Again the Living version of the above verses is also good: “For Christ will be King until he has defeated all his enemies, including the last enemy—death. This too must be defeated and ended. For the rule and authority over all things has been given to Christ by his Father; except, of course, Christ does not rule over the Father himself, who gave him this power to rule.  When Christ has finally won the battle against all his enemies, then he, the Son of God, will put himself also under his Father’s orders, so that God who has given him the victory over everything else will be utterly supreme.”

The ‘first-born of creation’ raises Jesus Christ, the Son of God higher than anyone or anything in all of existence. No wonder in heaven there is equal worship for Father and Son: To him who sits on the throne and to the Lamb be praise and honor and glory and power, for ever and ever!” (Rev 5:13)  Hallelujah!

19. Ownership?

Lessons from Israel: No.19 : Ownership?

Ex 13:1,2 The LORD said to Moses, “Consecrate to me every firstborn male. The first offspring of every womb among the Israelites belongs to me, whether man or animal.”

When we come to this next chapter, there appears this particular claim by God on the lives of certain children. Let’s examine it and see why and what are the implications. This, of course, follows the last of the ten plagues whereby every firstborn male in every family across Egypt died in God’s judgment on this land. “So Moses said, “This is what the LORD says: ‘About midnight I will go throughout Egypt. Every firstborn son in Egypt will die, from the firstborn son of Pharaoh, who sits on the throne, to the firstborn son of the slave girl, who is at her hand mill, and all the firstborn of the cattle as well. (Ex 11:4,5) This death toll had thus been entirely inclusive – no family escaped – except those who followed the Lord’s instructions and who killed a lamb and put its blood on the doorposts of their homes. That night of the Passover saw a dead body in every home; either a first born son or a lamb.

Now why the first born son? We aren’t told specifically so we must speculate. First the question, why not every single Egyptian? There were other times in Israel’s history when the command was going to come to slaughter every person and as one theologian has commented, the big question is not why God judges but why He doesn’t wipe us all off this planet. If we were master beings and were growing creatures in a laboratory and we saw that they started turning on each other and killing each other, we would cull them and quite happily destroy the aberrant ones, but God doesn’t seem to do that much of the time; He seems to give second chance after second chance as we’ve noted in a previous meditation. It is a sign of His mercy and His desire to bring Egypt to their senses that He only takes the first born.

But why the first born? Well, as we said, we can only speculate, but is it because all the hopes and dreams and pride of a family are wrapped up in the first born? Why males only and not firstborn girls? Perhaps it is because in that period men were clearly dominant and were seen as the name bearers of the next generation. Even today the woman usually takes the man’s surname at marriage. So in taking the first born from every family, the Lord was taking their hopes, their dreams and their pride. For the rest of their years the survivors would remember that they had been a humbled generation.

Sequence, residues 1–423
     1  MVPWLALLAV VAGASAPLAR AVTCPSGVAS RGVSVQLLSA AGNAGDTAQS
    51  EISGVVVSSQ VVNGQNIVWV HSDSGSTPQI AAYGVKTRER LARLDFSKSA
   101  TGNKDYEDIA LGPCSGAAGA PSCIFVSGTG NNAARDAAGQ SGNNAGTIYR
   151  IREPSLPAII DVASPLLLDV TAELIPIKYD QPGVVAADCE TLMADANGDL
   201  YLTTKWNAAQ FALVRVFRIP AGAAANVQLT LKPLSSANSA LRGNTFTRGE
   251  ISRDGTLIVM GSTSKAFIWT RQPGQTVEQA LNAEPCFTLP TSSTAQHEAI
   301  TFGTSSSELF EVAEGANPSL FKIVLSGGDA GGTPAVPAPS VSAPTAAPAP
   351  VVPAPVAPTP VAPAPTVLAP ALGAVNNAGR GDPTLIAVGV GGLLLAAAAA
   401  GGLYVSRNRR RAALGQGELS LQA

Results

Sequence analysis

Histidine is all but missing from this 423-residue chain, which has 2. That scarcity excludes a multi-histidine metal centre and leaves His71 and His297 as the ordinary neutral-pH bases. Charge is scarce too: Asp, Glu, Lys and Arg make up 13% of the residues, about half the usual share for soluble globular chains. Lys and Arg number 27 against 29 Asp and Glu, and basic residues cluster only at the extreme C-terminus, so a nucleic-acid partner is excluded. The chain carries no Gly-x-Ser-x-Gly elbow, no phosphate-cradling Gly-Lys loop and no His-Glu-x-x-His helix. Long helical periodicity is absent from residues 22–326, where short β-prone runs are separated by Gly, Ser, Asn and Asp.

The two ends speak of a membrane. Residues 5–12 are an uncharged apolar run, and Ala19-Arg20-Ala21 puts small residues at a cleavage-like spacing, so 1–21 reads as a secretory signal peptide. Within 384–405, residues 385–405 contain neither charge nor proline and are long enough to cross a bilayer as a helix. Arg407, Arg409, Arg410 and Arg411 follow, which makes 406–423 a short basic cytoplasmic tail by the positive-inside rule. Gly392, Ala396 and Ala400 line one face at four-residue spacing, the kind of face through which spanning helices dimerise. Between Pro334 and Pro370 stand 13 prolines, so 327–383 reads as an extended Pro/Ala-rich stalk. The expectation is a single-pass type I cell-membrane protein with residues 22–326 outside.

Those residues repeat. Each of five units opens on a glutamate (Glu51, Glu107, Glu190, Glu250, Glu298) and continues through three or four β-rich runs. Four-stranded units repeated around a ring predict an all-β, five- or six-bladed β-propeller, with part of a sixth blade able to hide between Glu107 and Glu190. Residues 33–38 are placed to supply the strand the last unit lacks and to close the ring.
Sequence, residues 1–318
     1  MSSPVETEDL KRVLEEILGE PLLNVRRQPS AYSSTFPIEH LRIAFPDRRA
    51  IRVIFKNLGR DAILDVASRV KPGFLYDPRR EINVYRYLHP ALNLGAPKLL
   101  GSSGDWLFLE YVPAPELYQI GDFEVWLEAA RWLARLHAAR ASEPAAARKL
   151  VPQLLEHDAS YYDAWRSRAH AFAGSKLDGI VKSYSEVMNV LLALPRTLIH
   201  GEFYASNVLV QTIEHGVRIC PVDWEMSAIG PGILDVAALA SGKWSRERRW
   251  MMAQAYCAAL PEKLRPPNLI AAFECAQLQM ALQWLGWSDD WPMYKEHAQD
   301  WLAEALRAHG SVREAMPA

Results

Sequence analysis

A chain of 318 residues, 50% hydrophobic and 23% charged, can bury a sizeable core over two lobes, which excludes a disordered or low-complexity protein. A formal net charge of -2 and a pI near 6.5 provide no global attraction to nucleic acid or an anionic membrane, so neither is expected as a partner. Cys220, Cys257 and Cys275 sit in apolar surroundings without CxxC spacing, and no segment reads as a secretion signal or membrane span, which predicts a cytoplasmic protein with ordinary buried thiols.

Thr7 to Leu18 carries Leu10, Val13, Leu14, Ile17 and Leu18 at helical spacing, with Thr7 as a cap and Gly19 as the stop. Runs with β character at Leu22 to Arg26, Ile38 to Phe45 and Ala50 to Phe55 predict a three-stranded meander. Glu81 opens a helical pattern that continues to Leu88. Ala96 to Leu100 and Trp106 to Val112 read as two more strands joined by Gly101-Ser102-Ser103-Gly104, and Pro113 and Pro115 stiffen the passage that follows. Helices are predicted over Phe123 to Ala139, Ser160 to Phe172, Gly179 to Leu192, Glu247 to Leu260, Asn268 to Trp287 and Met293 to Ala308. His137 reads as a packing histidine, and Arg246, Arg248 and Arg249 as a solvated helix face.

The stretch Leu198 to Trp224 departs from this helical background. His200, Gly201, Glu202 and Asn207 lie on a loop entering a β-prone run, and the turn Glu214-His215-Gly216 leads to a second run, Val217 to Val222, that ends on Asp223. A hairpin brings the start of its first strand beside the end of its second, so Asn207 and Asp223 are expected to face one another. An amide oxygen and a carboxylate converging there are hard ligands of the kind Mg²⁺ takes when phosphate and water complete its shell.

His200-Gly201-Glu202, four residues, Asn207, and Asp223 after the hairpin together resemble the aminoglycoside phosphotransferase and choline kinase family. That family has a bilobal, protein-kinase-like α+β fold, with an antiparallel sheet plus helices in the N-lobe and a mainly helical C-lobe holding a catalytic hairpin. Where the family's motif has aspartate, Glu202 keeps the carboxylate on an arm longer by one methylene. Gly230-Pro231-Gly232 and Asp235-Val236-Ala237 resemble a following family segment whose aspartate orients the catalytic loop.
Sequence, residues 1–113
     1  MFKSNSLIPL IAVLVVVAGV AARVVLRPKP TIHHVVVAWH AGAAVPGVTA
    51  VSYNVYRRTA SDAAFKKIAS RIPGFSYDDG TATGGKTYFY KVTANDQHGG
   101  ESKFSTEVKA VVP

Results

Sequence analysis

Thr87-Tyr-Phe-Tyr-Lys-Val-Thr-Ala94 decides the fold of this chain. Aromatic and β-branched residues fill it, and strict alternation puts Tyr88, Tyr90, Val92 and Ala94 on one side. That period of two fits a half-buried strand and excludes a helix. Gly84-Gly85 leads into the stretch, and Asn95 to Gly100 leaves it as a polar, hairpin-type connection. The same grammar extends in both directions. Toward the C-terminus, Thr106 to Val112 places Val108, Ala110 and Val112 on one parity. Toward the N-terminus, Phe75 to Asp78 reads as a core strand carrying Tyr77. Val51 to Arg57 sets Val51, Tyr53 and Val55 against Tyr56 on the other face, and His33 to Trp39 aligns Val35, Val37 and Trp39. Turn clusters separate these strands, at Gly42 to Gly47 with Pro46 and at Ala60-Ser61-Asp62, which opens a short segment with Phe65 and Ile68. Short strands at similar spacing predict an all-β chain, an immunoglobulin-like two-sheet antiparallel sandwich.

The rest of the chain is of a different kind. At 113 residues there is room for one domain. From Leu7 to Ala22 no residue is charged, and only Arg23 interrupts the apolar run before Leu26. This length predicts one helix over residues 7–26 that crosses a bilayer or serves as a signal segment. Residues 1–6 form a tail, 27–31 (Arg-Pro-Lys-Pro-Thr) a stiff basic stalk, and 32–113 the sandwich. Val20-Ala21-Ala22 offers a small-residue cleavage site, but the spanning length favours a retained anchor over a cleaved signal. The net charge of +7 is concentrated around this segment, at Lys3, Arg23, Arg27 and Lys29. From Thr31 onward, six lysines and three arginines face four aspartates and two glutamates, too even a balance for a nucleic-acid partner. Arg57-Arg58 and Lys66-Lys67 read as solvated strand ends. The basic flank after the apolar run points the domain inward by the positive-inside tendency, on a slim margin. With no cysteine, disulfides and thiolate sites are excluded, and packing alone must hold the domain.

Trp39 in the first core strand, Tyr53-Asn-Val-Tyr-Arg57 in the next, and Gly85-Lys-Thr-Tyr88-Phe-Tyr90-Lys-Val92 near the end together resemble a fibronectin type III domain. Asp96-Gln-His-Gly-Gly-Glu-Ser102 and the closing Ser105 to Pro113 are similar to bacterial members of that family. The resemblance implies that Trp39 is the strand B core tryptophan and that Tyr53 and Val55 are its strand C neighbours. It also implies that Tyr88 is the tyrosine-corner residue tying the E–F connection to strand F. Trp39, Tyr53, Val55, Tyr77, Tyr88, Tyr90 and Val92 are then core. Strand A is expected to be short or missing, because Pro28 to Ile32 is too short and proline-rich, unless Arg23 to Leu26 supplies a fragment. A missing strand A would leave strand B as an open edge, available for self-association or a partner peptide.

Now when we come to the Israelites they still have their first born, but it is only by the grace and mercy of God and so the Lord lays claim to their lives. Does He really want them? Probably no more than He wants the hearts of all His people, but He wants them to remember this, that they still have their hopes and dreams for the future and their pride and family name, purely by the mercy of God. The killing of a lamb was not magical and had no power in itself, but it was an act of faith by the Israelites. That was all they contributed to the salvation of their children. Their children were alive because God, in His mercy, had given them a way to avoid premature death.

Verses 3 to 10 that immediately follow refer back to the Feast of Unleavened Bread which in turn refers back to the exodus after the Passover. The consecrating of the first born comes immediately before that and immediately after it in verses 11 to 13. It is to be seen as all linked together, and then the following verses again were instructions on how to tell the future generations about it when they asked what this meant. The ‘consecrating’ or setting aside as holy to God of the first born son was a reminder or acknowledgement that their lives had been spared by the mercy of God and they owed their hopes, dreams and family name to Him. They were what they were; they were still families, because God in His mercy had made it so.

Do we, I wonder, view ourselves similarly? Do we who are Christians see that our lives belong to God because it is only the grace and mercy of God that allows us a future? All our hopes and dreams are wrapped in our salvation that has come because The Lamb of God was slain in our place. There is a very practical outworking of all this, as the apostle Paul was to see: “Do not offer the parts of your body to sin, as instruments of wickedness, but rather offer yourselves to God, as those who have been brought from death to life; and offer the parts of your body to him as instruments of righteousness.” (Rom 6:13) We too, he was saying, have been saved from eternal death and given eternal life and so we belong to God. Later in the same book he reiterated it even more clearly: “Therefore, I urge you, brothers, in view of God’s mercy, to offer your bodies as living sacrifices, holy and pleasing to God–this is your spiritual act of worship.” (Rom 12:1). Did you see that? “In view of God’s mercy.” That is the key!  God’s mercy means that now we have been saved we belong to Him. Is that how we see our bodies?